Rotary boosts mobile cardiac care in Chennai

It is a great privilege for Rotary to “work collectively in healthcare projects with reputed hospitals and local governments, to scale up medical initiatives and expand their reach,” said RI director Anirudha ­Roychowdhury at an event to mark over 15,000 free mobile cardiac screenings and 20,000 ECG and ECHO tests done under Project Nalam (wellness), a flagship programme of RC Madras Central Aadithya, RID 3232.

Noting that this was his third visit to Sri Ramachandra Institute of Higher Education and Research (SRIHER), a multispecialty hospital and deemed university on the outskirts of ­Chennai, the RID said the concept of free ­cardiac screening at the doorsteps of people was praiseworthy as “most of the beneficiaries do not have access to medical care.” He acknowledged the efforts of project mentor PDG Muthu Palaniappan and his team for conceiving the idea of a cardiac care bus and tying up with the hospital. Other clubs too can partner with this hospital in other disciplines of healthcare, he added.

Preventive healthcare will be the future of medicine in India, said TRF vice-chair Bharat Pandya, and called the mobile cardiac care unit “the need of the hour and need of society.” In India we are confronted with two extreme problems — “one set of people who don’t have time for check-up as they are busy tending to other matters all the time; and another set of people who do not have access to any form of medical care,” he said.

(From L) PDG S Muthu Palaniappan, GCC former chief medical officer Dr ­Hemalatha, project chairman K Balamurugan, RID Anirudha Roychowdhury, GCC regional deputy commissioner M P Amit, TRF vice-chair Bharat Pandya, DG Ravi Raman, RC Madras Central Aadithya president Syed Ashraff, and Ganeshan Suppiah, past president, RC Madras ­Coromandel, in front of the cardiac screening bus.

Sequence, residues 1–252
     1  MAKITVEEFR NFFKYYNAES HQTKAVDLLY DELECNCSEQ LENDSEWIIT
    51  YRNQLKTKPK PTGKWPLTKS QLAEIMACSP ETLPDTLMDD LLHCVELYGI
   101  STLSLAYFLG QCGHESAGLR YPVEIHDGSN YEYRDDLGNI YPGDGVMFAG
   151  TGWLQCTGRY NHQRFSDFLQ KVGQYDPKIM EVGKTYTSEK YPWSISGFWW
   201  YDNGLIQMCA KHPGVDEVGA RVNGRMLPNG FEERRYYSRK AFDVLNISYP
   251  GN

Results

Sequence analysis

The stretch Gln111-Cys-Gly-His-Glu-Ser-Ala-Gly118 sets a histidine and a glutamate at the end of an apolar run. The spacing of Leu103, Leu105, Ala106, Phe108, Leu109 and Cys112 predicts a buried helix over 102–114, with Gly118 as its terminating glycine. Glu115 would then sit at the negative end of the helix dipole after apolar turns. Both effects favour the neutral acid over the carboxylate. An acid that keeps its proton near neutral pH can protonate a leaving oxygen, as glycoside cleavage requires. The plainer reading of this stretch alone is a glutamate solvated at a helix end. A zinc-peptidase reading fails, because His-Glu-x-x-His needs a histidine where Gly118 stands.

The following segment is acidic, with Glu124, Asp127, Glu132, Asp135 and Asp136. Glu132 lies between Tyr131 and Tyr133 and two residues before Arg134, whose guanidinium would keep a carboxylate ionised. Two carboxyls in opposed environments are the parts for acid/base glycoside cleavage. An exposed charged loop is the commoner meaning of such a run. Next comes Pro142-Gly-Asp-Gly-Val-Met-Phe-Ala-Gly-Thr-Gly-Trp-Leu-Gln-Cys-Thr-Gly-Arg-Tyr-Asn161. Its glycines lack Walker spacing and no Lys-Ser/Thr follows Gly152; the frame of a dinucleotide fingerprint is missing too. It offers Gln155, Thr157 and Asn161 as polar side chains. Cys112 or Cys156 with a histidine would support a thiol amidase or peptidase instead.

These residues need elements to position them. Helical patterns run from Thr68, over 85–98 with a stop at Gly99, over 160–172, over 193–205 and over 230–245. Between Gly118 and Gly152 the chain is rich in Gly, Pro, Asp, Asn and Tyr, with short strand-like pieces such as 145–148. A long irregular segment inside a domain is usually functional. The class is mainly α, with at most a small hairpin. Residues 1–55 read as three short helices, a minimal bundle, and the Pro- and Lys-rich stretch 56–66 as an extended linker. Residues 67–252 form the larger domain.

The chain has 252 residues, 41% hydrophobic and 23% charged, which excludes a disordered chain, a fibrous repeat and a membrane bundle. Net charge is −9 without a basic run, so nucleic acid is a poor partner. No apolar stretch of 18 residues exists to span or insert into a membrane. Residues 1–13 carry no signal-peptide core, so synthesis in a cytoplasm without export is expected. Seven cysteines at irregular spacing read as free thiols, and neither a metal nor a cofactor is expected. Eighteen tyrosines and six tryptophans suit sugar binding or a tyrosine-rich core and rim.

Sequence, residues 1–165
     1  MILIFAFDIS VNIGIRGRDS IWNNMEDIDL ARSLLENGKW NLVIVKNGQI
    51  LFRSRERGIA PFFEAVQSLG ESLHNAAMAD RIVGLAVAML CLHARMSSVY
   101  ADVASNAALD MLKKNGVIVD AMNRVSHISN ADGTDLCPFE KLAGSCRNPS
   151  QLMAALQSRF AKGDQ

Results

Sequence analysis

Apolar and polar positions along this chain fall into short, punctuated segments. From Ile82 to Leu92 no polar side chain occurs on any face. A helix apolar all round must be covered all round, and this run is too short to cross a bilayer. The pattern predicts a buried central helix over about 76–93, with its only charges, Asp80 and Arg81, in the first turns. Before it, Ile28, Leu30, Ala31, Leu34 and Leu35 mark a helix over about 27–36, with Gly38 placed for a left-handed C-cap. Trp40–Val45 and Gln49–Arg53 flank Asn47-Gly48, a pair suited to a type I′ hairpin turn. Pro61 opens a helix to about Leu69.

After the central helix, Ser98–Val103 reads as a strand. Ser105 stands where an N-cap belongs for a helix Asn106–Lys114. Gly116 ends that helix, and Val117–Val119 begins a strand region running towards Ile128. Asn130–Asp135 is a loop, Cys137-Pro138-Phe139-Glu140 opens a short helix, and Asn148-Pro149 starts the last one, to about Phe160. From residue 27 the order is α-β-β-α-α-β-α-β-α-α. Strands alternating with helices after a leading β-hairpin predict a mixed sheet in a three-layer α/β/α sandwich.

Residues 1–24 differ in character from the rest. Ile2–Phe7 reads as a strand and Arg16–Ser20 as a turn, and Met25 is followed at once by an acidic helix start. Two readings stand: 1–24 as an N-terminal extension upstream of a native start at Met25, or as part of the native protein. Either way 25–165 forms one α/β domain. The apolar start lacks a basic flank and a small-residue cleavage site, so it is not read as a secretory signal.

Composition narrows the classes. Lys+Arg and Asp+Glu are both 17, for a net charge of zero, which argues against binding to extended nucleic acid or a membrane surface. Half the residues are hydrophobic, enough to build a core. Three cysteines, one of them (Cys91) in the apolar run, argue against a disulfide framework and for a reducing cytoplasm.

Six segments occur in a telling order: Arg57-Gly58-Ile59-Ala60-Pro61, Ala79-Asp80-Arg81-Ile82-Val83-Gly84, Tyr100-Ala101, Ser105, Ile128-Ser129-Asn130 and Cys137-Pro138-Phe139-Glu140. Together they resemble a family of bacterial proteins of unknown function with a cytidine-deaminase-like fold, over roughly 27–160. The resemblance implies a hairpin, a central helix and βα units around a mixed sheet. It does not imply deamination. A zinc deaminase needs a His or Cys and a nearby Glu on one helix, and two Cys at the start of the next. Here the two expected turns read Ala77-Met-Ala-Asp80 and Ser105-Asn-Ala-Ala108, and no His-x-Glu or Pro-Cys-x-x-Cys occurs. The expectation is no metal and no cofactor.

As 60 per cent deaths in India occur due to non-communicable ­diseases (NCDs) such as diabetes, hypertension, stroke, kidney ailments and cardiac diseases, Pandya said, “we are sitting on a big volcano with NCDs affecting the Indian population in the 45–50 age group, 15 years earlier than in Western nations where such diseases are found only among those in the age group of 65–70.” Mobile heart screening is an excellent project that “will spur other clubs to do more, attract more participation from other hospitals and government bodies,” he said. During weekly cardiac camps, Rotarians can distribute pamphlets, explain the screening process to patients, and provide counselling on hygiene for better living, he pointed out. “Through this medical project, we are seeing one more example of the power of the Foundation in doing good in the world,” he said.

Medical projects galore

Giving an overview of Project Nalam, PDG Palaniappan said, “it was conceived as a global grant project (₹1.3 crore) in the form of this cardiac care bus which was designed in partnership with SRIHER and handed over to the hospital in March 2022.” RC Klang, Malaysia, RID 3300, is the global partner. Till date, the mobile heart clinic has done 146 screening camps, thus  benefitting 15,266 patients, and ­conducted over 20,000 ECG and ECHO tests.